• By Liza Torborg

Mayo Clinic Q and A: Understanding and treating hip impingement

November 24, 2017

a medical illustration of a normal hip socket and one with hip impingementDEAR MAYO CLINIC: What causes hip impingement, and will the pain worsen over time? How is it treated?

ANSWER: Hip impingement can happen for a number of reasons. If left untreated, the pain and other symptoms it causes may get worse as damage to the hip joint increases. Treatment for hip impingement depends largely on a person’s individual circumstances. Generally though, treatment options range from managing symptoms with medication and physical therapy in milder cases to surgery in more severe cases.

Hip impingement is a broad term used to describe conditions in which the ball and socket of the hip joint don’t fit together properly. It’s usually due to one of three main causes. First, the socket, also called the acetabulum, may develop abnormally as a child grows. This can lead to a condition known as acetabular retroversion, in which the socket grows too far over the front of the ball, or femoral head, of the hip joint.

Second, abnormal bumps called cam lesions can develop on the head-neck junction of the hip ball. Current research suggests that these cam lesions develop during adolescence, often when the growth plates are open. Participating in certain physical activity may lead to conflict between the ball and the socket, stimulating the bone to grow and create the cam lesion. Third, an abnormal twist in the thigh bone, or femur, called femoral retrotorsion can lead to hip impingement. All three of these situations can combine in varying degrees to create the impingement.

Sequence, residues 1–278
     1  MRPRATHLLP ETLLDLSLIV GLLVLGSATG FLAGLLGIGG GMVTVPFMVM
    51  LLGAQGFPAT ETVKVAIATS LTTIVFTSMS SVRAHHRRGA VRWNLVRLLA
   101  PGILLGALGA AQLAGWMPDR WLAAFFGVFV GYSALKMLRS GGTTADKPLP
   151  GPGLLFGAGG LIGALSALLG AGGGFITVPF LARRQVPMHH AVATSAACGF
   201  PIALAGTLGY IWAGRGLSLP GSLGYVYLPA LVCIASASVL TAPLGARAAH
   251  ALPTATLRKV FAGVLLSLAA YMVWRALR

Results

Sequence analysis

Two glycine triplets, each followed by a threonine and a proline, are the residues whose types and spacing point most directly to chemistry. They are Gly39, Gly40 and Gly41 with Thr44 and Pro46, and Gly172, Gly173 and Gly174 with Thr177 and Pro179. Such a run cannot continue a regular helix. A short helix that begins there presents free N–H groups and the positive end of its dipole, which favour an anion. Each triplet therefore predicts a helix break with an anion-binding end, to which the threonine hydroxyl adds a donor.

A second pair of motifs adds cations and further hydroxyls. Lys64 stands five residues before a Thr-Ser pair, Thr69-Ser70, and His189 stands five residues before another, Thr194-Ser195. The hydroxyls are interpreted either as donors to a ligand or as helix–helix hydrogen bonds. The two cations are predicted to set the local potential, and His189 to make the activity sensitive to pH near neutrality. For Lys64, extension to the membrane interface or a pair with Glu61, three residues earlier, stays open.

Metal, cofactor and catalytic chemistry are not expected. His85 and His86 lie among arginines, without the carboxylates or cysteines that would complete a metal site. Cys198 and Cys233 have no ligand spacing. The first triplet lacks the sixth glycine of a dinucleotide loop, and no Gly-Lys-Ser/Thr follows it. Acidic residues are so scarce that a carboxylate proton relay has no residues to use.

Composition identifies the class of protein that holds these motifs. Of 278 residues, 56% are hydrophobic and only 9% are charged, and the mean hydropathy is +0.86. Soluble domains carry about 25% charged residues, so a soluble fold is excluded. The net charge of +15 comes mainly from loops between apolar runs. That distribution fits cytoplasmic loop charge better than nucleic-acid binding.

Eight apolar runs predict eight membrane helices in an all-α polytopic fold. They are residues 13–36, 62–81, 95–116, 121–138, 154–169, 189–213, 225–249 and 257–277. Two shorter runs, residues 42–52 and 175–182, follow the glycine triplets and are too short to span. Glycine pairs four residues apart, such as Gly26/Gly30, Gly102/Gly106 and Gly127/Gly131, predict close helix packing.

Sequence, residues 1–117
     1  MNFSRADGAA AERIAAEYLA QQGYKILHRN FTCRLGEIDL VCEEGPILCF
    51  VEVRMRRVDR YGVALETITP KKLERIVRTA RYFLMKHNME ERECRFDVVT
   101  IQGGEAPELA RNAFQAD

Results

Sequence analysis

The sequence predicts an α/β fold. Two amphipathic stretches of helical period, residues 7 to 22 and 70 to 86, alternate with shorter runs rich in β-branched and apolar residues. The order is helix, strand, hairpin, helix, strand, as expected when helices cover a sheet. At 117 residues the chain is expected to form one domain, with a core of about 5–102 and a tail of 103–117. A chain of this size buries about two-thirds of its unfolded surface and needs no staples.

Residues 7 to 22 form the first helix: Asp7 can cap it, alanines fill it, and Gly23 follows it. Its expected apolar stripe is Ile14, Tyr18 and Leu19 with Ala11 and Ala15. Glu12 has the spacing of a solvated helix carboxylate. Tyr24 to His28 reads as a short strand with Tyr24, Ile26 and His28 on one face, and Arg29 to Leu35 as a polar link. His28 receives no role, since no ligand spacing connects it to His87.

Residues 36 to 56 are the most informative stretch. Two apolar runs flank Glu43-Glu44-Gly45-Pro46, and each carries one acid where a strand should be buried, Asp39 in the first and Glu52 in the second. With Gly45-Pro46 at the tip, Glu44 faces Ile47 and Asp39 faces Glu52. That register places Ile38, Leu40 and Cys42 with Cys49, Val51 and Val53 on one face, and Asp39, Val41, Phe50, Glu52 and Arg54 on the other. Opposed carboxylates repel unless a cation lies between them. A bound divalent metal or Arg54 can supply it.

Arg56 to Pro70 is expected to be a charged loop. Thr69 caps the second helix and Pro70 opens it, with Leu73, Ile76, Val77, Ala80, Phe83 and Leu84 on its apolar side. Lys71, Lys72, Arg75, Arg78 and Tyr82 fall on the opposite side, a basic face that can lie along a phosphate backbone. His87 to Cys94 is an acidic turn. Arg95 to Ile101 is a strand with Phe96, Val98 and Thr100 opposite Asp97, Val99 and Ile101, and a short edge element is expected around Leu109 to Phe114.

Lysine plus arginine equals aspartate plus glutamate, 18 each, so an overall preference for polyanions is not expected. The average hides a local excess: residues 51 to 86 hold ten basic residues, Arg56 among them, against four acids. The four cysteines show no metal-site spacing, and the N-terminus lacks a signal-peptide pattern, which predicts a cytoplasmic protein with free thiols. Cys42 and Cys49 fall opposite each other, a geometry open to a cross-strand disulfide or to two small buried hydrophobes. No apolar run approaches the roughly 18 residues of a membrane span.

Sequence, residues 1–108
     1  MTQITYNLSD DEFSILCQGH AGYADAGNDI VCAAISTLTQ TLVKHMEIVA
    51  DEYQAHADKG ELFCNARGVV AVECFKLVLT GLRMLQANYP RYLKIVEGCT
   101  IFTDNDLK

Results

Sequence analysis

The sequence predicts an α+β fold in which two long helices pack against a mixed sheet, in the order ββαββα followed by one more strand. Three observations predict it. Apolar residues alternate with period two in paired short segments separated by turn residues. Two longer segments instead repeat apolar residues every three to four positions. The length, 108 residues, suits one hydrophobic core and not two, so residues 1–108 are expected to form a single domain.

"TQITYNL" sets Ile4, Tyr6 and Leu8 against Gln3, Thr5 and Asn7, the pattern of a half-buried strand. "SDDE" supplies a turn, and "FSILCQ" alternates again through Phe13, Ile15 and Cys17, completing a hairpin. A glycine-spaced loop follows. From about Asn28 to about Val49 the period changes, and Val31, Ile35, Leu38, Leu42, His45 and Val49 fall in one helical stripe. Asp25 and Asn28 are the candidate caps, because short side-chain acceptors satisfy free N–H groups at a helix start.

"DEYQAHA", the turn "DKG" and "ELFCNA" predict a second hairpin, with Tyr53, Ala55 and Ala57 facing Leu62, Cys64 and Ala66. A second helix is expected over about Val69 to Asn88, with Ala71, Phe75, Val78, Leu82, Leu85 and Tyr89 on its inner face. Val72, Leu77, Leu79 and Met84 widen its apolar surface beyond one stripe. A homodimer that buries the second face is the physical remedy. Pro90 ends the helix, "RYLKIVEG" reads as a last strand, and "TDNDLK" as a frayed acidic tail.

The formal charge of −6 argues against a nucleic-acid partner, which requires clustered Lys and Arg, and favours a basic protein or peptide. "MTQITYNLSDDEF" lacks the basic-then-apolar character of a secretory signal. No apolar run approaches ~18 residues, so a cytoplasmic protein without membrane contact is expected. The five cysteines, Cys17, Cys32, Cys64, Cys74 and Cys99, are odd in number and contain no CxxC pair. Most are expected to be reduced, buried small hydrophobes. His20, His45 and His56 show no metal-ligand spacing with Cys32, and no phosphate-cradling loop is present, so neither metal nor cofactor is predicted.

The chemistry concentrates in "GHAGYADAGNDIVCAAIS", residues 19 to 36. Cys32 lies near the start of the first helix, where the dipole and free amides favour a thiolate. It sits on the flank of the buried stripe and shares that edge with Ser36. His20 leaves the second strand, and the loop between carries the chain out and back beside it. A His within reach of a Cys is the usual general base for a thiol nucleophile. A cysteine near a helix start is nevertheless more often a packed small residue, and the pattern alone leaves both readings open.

Hip impingement can lead to loss of internal rotation of the hip. That triggers pain in the groin area during or after flexing the hip, such as when you run, jump or sit for long periods of time. Loss of hip internal rotation can be a good screening tool for possible hip impingement in adolescents.

Over time, impingement of the hip may tear the labrum — a fibrous ring of cartilage surrounding the hip socket. When the labrum is torn, it can cause hip pain. Hip impingement also may damage the protective cartilage that covers the ends of the bones in the joint, called articular cartilage. That can wear down the cartilage over time and eventually make it deteriorate completely — a condition known as hip osteoarthritis. Osteoarthritis can trigger hip pain, tenderness, stiffness and loss of flexibility. If nothing is done to correct severe hip impingement, these conditions likely will continue to worsen. As they do, hip discomfort, pain and other symptoms increase.

As each case of hip impingement is unique, treatment must be individualized to each patient. Multiple factors are considered when designing a custom treatment plan for patients, including their symptoms and desired activity level, hip bone anatomy, overall body mechanics and range of motion, as well as the amount of damage done to the labrum and articular cartilage.

In mild to moderate cases of hip impingement, symptoms may improve with nonsurgical treatment, such as activity modification, pain medication, physical therapy and corticosteroid injection. In more severe or complex cases, arthroscopic or open surgery may be used to reshape the bones, repair the labrum and treat articular cartilage damage.

If you are diagnosed with hip impingement, consult with a physician who specializes in orthopedics to review your options and decide on a treatment plan that best suits your situation. — Dr. Aaron Krych, Orthopedic Surgery, Mayo Clinic, Rochester, Minnesota

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